Healing indicators: Developing community-based Indigenous health assessment

Healing Indicators is a project that aims to improve health policy and assessment processes by creating tools that centre communities and Indigenous knowledge. The work is in response to the need to better assess the health impacts of resource development in Indigenous communities. This project is in partnership with the British Columbia First Nations Health Authority and Simon Fraser University, and is deeply committed to engaging in Indigenous methodologies, land-based health and healing, and health justice. It features an approach that strives to decolonize public health: the research approach is integrated, connecting land-based perspectives on health and wellness, and cultural foundations into population health reporting.

The question this research asks, is “What principles and processes are needed to create and develop indicators relevant to First Nations in relation to resource development and related policy?” Research will help support Indigenous health assessments through the collaborative creation of land-based healing indicators, that prioritize Indigenous perspectives and needs through community-based research. A goal of this work is to undertake culturally safe research in an applied health sciences context.

Healing Indicators: Research in Indigenous health impact assessment and self-determination

This Health System Impact Fellowship is co-funded by CIHR, MSFHR, and First Nations Health Authority (health system partner), to help build BC’s health policy research capacity for the integration of policy research into decision-making.

Healing Indicators is a research project that aims to improve health assessment policy. It addresses the need to create tools that centre communities and Indigenous knowledge in the assessment of the health impacts of resource development. The project is grounded in community-based Indigenous methods, with the purpose of developing land-based wellness indicators. The work draws on self-determination, culture, kinship, community, and land to inform and define health and wellness in a First Nations context. As a research program, Healing Indicators is committed to engaging land-based healing and health justice and features a decolonial ‘two-eyed seeing’ approach, with one eye informed by Indigenous ways of knowing, and the other western science. Progressing land-based indicator research is important within the context of the First Nations Health Authority’s “Public Health and Wellness Agenda.” Land-based health indicator development requires emergent community-based methods and design that is inclusive of leadership from Indigenous peoples. The impact of this collaboration is the promotion of critical Indigenous health research, with opportunities to expand on policy gaps in relation to land-based wellness and Indigenous health assessment. Asset-based work, such as this, is relevant within the context of provincially acknowledged widespread racism within the health care system in British Columbia. This work is also significant to the provincial commitment to implement the Declaration of the Rights of Indigenous Peoples (DRIPA 2019). Healing Indicators is a collaborative research project designed to promote community-led health through land-based indicator development to inform self-determination and wellness in collaboration with the First Nations Health Authority.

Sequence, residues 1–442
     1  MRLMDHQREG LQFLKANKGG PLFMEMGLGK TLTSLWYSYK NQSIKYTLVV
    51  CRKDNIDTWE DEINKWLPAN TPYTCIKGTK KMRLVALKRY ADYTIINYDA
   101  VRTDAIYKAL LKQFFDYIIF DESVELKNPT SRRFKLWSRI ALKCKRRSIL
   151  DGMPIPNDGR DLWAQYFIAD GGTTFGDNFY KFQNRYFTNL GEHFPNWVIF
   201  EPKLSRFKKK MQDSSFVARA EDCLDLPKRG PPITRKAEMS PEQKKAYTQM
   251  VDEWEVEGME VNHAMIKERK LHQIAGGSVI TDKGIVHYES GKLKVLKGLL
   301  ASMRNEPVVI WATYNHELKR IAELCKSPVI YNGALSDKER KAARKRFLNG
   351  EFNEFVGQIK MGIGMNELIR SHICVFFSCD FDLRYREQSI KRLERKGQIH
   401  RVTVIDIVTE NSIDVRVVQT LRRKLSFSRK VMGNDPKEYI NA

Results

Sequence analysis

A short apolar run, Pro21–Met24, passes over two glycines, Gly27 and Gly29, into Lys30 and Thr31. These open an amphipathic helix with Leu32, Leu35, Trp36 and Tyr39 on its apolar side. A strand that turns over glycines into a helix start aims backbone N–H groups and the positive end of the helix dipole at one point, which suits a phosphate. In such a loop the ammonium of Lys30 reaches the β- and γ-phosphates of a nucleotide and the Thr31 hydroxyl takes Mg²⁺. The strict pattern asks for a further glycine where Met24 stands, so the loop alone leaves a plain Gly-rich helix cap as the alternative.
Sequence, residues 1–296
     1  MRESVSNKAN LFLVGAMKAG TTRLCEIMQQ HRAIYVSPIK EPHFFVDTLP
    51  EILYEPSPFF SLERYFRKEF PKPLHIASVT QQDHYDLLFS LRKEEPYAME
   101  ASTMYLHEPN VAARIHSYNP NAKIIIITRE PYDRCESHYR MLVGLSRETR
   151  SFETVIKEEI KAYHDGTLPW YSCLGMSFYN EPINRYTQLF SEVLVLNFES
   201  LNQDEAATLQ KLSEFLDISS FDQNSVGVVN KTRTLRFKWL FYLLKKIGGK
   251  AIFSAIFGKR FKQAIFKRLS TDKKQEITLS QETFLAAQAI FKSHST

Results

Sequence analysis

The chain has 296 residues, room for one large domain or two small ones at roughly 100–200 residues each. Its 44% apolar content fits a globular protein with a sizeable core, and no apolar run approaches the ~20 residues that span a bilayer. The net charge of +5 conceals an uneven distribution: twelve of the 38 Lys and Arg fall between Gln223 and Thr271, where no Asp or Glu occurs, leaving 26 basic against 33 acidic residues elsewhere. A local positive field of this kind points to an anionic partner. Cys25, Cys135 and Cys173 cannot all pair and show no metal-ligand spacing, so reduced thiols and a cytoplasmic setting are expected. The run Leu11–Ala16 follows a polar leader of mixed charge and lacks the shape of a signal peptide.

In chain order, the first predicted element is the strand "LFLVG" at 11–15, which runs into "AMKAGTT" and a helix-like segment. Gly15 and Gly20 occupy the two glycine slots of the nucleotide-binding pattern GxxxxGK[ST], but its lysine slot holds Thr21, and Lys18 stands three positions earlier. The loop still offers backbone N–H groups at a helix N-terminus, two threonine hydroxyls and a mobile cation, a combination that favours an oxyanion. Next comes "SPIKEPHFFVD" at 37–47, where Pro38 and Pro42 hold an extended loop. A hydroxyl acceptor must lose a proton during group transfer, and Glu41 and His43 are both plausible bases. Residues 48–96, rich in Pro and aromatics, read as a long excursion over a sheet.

Source: CIHR Funding Decisions Database

Cultural safety in knowledge exchange: Supporting dissemination activities for the FNHA Guest Edition of the International Journal of Indigenous Health


  • Katie Bauder

Team members: 

  • Alexa Norton
  • Namaste Marsden
  • Kate Jongbloed
  • Riley Bizzotto
  • Jennifer Murray

In 2019, the FNHA partnered with the International Journal of Indigenous Health to release a special Guest Edition titled "Health Systems Innovation: Privileging Indigenous Knowledge, Ensuring Respectful Care, and Ending Racism towards First Nations in Service Delivery.” This proposal describes a series of knowledge translation (KT) activities that will bring wider awareness to the edition and will result in a timely and relevant KT tool. Through a Virtual Launch of the FNHA Guest Edition, we will showcase the range of submissions by Indigenous researchers and allied collaborators and engage in dialogue about how to best translate this information so that it is relevant and useful for Indigenous people and communities. Armed with insight about how to best translate and disseminate the FNHA Guest Edition, we will collaborate with Indigenous creatives (for example artists, filmmakers or digital storytellers) to develop and disseminate a KT tool for building capacity in community. By engaging in community-defined KT, we help to ensure that the findings and knowledge assembled within the Guest Edition are appropriately translated and will be of value to Indigenous people and communities.